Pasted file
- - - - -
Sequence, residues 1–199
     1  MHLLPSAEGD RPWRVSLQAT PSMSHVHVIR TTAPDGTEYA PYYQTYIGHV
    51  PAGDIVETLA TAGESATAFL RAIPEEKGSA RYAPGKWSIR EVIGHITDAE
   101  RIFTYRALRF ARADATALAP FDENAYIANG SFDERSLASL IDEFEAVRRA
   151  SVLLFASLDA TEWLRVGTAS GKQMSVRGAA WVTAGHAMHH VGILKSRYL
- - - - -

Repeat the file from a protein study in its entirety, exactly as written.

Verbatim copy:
Sequence, residues 1–199
     1  MHLLPSAEGD RPWRVSLQAT PSMSHVHVIR TTAPDGTEYA PYYQTYIGHV
    51  PAGDIVETLA TAGESATAFL RAIPEEKGSA RYAPGKWSIR EVIGHITDAE
   101  RIFTYRALRF ARADATALAP FDENAYIANG SFDERSLASL IDEFEAVRRA
   151  SVLLFASLDA TEWLRVGTAS GKQMSVRGAA WVTAGHAMHH VGILKSRYL